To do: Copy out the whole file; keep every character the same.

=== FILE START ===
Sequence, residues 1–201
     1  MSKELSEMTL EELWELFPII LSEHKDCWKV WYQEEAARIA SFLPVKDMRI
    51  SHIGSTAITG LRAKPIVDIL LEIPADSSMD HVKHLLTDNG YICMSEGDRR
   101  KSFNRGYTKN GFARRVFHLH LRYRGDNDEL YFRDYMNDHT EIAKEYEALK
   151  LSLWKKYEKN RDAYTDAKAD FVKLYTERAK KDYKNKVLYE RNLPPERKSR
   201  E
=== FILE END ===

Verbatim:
Sequence, residues 1–201
     1  MSKELSEMTL EELWELFPII LSEHKDCWKV WYQEEAARIA SFLPVKDMRI
    51  SHIGSTAITG LRAKPIVDIL LEIPADSSMD HVKHLLTDNG YICMSEGDRR
   101  KSFNRGYTKN GFARRVFHLH LRYRGDNDEL YFRDYMNDHT EIAKEYEALK
   151  LSLWKKYEKN RDAYTDAKAD FVKLYTERAK KDYKNKVLYE RNLPPERKSR
   201  E